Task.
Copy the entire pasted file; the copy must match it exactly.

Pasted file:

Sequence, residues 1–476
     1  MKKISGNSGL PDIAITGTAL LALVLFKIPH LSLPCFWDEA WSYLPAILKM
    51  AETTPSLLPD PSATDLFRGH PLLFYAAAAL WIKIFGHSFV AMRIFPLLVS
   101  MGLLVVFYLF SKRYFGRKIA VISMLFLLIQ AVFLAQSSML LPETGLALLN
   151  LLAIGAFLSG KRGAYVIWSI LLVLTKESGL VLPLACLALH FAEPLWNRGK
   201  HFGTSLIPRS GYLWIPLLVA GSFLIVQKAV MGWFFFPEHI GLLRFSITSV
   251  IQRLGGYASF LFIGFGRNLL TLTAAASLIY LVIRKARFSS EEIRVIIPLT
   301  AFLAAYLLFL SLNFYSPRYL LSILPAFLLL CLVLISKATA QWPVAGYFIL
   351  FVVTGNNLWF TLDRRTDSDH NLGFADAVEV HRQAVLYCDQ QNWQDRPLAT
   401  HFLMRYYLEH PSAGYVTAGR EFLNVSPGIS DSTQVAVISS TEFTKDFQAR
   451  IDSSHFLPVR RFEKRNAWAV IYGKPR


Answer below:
Sequence, residues 1–476
     1  MKKISGNSGL PDIAITGTAL LALVLFKIPH LSLPCFWDEA WSYLPAILKM
    51  AETTPSLLPD PSATDLFRGH PLLFYAAAAL WIKIFGHSFV AMRIFPLLVS
   101  MGLLVVFYLF SKRYFGRKIA VISMLFLLIQ AVFLAQSSML LPETGLALLN
   151  LLAIGAFLSG KRGAYVIWSI LLVLTKESGL VLPLACLALH FAEPLWNRGK
   201  HFGTSLIPRS GYLWIPLLVA GSFLIVQKAV MGWFFFPEHI GLLRFSITSV
   251  IQRLGGYASF LFIGFGRNLL TLTAAASLIY LVIRKARFSS EEIRVIIPLT
   301  AFLAAYLLFL SLNFYSPRYL LSILPAFLLL CLVLISKATA QWPVAGYFIL
   351  FVVTGNNLWF TLDRRTDSDH NLGFADAVEV HRQAVLYCDQ QNWQDRPLAT
   401  HFLMRYYLEH PSAGYVTAGR EFLNVSPGIS DSTQVAVISS TEFTKDFQAR
   451  IDSSHFLPVR RFEKRNAWAV IYGKPR